23 Oct 2017

Introducing Baby Burrage || The Birth Story

Everyone, meet the center of my universe, baby Albie. The tiny human I nurtured and grew inside me for 9 long months, only for him to come out looking exactly like his Dad.

Bloody typical. Seriously, if I hadn't given birth to the little critter I'd question if he was mine.

Albie 'popped' (ha) into the world on 4th September 2017 at 19:23, weighing a chunky 8lb 7oz. He was born 6 days over his due date, but with a labour that lasted little longer than 5 hours, he definitely made up for it.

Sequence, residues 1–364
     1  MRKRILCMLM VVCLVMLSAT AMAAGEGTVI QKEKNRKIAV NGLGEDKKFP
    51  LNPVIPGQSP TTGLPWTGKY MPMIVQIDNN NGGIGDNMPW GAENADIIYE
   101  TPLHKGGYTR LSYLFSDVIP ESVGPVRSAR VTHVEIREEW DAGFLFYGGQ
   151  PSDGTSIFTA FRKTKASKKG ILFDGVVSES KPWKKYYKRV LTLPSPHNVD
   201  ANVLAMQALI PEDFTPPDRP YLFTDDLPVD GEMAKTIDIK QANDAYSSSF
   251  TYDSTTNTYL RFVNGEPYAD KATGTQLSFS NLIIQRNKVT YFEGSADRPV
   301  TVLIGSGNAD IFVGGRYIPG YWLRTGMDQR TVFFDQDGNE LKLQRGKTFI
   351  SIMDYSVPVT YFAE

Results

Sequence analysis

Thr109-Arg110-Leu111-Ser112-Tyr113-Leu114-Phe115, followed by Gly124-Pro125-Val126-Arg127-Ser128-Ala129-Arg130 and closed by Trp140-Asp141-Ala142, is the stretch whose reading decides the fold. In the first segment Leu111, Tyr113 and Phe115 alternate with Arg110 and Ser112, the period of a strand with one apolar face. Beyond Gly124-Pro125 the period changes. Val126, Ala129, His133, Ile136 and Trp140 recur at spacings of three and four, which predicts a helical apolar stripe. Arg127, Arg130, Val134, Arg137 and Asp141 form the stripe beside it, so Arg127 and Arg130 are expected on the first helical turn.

Here's his birth story.

There I was, day 10 of maternity leave, fed up beyond belief with waiting. Fed up of thinking 'this is it' every time I experienced a new sensation, a new ache, pain, or anything that could be an indicator that labour was imminent.

I'd started to accept that I was destined to be like Bonnie in Family Guy - preggo forever.

It was around 2pm when I started experiencing short bursts of sharp pain in my lower back. Initially I put it down as one of those annoying pregnancy niggles that I was overfamiliar with. I'd had similar pains the night before and they had eased off to nothing, much to our disappointment.

However, by 2:40pm they were occuring every 5 minutes, lasting approx 30 seconds a pop. They were becoming extremely painful, especially at their peak.

Luckily in my antenatal class I was made aware that contractions aren't always felt in the abdomen, with approx 1/4 women experiencing it in their lower backs and/or hips.